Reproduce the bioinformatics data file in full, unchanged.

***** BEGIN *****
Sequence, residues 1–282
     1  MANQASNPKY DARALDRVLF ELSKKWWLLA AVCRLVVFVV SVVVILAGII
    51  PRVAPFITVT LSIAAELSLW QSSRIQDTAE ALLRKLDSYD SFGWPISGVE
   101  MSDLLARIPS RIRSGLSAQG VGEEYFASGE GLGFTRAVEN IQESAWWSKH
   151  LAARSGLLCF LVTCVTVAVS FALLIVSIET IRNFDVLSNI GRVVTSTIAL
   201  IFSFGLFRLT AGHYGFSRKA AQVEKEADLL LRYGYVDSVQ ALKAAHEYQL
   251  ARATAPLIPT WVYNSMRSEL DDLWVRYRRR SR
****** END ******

Sequence, residues 1–282
     1  MANQASNPKY DARALDRVLF ELSKKWWLLA AVCRLVVFVV SVVVILAGII
    51  PRVAPFITVT LSIAAELSLW QSSRIQDTAE ALLRKLDSYD SFGWPISGVE
   101  MSDLLARIPS RIRSGLSAQG VGEEYFASGE GLGFTRAVEN IQESAWWSKH
   151  LAARSGLLCF LVTCVTVAVS FALLIVSIET IRNFDVLSNI GRVVTSTIAL
   201  IFSFGLFRLT AGHYGFSRKA AQVEKEADLL LRYGYVDSVQ ALKAAHEYQL
   251  ARATAPLIPT WVYNSMRSEL DDLWVRYRRR SR